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State of Things
9:44 am
Wed November 30, 2011

Tim & Scrooge

Tim & Scrooge
Credit www.osctheatre.com

Watching "A Christmas Carol" is an annual holiday ritual for millions of people around the world. The story of the mean old Ebenezer Scrooge and his conversion from sinner to savior has been shown in a variety of versions on the big screen, the television and on the stage. But for those fans wondering what happened after Scrooge's change of heart, there is only one show to watch: the musical production of “Tim and Scrooge: A Carol for a Later Christmas.” It's a play written by Nick Meglin with music by Neil Berg and the narrative picks up with a now not-so-tiny Tim 12 years after the events of the original story. Host Frank Stasio talks to Meglin about his sequel to "A Christmas Carol," which makes it local premiere at Greensboro’s Open Space Café Theatre on December 8th.

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Business & Economy
8:15 am
Wed November 30, 2011

Raleigh Grows Despite Recession

The recession that began four years ago is still holding many communities across the country hostage.  Homes continue to fall into foreclosure and long-term employees are again looking for work.  But there are some areas in the United States that are recovering quite well during this down-turn.   And one of those metropolitan areas includes Raleigh.

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Sports
8:00 am
Wed November 30, 2011

Synthetic Ice Rink Offers Warm-Weather Skating

Recent warm weather has not stopped ice skaters from hitting a rink in Graham. The synthetic surface at the Children's Museum of Alamance County does not rely on cold weather or freezing water. Carlyn Sautter works for Graham Parks and Recreation.

Carlyn Sautter: "It is not ice, its actually a very dense polymer. But it skates like ice, it actually looks like ice, so you kind of feel like you're on ice when you're out there. You do use real ice skates so it gives it that added effect as well."

Business & Economy
5:50 pm
Tue November 29, 2011

Occupy Raleigh Finds a New Home

The new Occupy Raleigh encampment
Credit Occupy Raleigh

Occupy Raleigh protesters have set up camp four blocks from the Capital. About 15 to 20 protesters have been camping since Thanksgiving. They're paying $400-a-month for the site owned by Rob Baumgart. Baumgart says it's purely business, but he did sympathize with the protesters.

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Business & Economy
5:45 pm
Tue November 29, 2011

Inside Occupy Raleigh: Part 2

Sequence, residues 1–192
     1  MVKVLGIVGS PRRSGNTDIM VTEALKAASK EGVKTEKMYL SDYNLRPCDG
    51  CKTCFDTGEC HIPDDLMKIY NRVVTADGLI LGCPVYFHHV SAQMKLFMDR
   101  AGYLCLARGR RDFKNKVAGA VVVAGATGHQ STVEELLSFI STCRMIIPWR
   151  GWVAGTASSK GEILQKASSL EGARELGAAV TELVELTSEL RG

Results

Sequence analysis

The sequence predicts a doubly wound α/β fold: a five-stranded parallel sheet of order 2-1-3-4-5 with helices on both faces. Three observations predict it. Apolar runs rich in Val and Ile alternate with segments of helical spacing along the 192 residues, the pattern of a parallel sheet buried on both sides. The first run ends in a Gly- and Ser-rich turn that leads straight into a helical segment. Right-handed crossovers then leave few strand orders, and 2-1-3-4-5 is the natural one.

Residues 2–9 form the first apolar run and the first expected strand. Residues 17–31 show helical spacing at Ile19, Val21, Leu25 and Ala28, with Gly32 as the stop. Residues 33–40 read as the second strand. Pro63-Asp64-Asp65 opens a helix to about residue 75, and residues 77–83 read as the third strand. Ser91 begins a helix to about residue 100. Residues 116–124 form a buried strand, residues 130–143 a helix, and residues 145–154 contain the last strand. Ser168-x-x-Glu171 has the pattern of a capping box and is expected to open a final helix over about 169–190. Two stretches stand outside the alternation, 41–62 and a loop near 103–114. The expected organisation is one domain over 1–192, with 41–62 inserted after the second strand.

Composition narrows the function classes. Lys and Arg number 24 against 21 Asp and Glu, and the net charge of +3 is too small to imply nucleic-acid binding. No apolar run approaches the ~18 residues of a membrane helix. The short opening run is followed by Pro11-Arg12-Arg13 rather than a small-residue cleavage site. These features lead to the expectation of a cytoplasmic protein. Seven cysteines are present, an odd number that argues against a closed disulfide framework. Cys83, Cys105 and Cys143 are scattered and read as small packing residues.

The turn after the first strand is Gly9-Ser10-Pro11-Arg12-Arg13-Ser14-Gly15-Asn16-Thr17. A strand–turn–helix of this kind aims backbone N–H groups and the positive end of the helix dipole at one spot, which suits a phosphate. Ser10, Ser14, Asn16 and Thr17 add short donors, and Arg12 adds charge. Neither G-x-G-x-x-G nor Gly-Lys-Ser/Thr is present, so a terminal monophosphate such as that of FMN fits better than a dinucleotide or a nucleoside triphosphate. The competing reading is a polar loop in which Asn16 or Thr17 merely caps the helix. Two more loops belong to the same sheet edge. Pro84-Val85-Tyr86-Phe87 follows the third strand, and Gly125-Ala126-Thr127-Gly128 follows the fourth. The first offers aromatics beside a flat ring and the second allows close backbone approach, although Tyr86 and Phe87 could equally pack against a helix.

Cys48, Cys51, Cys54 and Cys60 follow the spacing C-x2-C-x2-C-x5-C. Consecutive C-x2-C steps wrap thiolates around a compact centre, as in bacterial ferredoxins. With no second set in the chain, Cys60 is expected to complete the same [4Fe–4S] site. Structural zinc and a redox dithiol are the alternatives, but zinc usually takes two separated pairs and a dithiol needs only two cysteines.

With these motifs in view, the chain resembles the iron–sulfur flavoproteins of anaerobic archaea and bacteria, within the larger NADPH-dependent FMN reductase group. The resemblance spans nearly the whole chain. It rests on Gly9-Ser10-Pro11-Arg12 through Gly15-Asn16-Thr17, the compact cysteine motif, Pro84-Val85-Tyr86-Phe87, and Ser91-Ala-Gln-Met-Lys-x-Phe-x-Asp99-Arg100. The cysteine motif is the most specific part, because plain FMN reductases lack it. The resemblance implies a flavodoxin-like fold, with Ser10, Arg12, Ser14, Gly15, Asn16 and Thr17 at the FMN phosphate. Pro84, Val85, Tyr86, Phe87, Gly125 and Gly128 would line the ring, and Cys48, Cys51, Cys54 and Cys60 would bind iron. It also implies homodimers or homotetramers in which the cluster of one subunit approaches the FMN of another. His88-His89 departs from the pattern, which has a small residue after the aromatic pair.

Joseph Huberman

Meet Occupy Raleigh protester Joseph Huberman, a 61-year-old artist and former small-business owner who's now retired.  He's been with the movement since it started.  Hear an interview with Occupy Raleigh protester Joseph Huberman, a 61-year-old artist and former small-business owner who's now retired.

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Business & Economy
5:40 pm
Tue November 29, 2011

Inside Occupy Raleigh: Part 1

Kurt Zehnder

Kurt Zehnder is a 20-year-old Occupy Raleigh protester, and a self-described moderate Republican. He attended Western Carolina for a year before running out of money and dropping out. Now he's waiting tables, saving up for college, and camping out as part of the Occupy Wall Street movement. Hear an interview with Kurt Zehnder, a 20-year-old Occupy Raleigh protester, and a self-described moderate Republican.

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Law
4:30 pm
Tue November 29, 2011

Lawmakers Wrap Up Session

Lawmakers have adjourned their post-Thanksgiving work session.

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State of Things
11:37 am
Tue November 29, 2011

North Carolina Mental Health

North Carolina is poised for another radical overhaul of its mental health system. This time the changes have to do with the way state mental health agencies pay for patient care. A new law passed by the state General Assembly last spring requires agencies to become more like HMOs. Instead of billing Medicaid for individual services, agencies will get a lump sum up front, which they will then use to pay patient costs. Opponents of the legislation fear this change will lead to poor care for the state's mentally ill.

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State of Things
11:30 am
Tue November 29, 2011

When She Woke

Book cover, ''When She Woke''

For writer Hillary Jordan, the lessons of Nathaniel Hawthorne’s classic, “The Scarlet Letter,” are relevant today. In her new book, “When She Woke” (Algonquin/2011), Jordan imagines that the skin tone of convicted criminals can be genetically altered to fit their misdeeds. Petty crimes are punished with yellow pigmentation, sex crimes with blue and criminals convicted of murder – like the book’s protagonist Hannah Payne – are turned bright red. Hannah, a devoutly religious young woman, is being punished for killing her unborn child. Her incarceration is also broadcast on reality TV.

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State of Things
11:24 am
Tue November 29, 2011

Freedom to Marry

Next May, North Carolina voters are scheduled to go to the polls to vote on a proposed amendment to the North Carolina state constitution that will ban same-sex marriage. Yet, according to recent polls, support for same-sex unions is on the rise. Nearly 53% of Americans favor the right to marry for everyone. That’s up from 42% five years ago.

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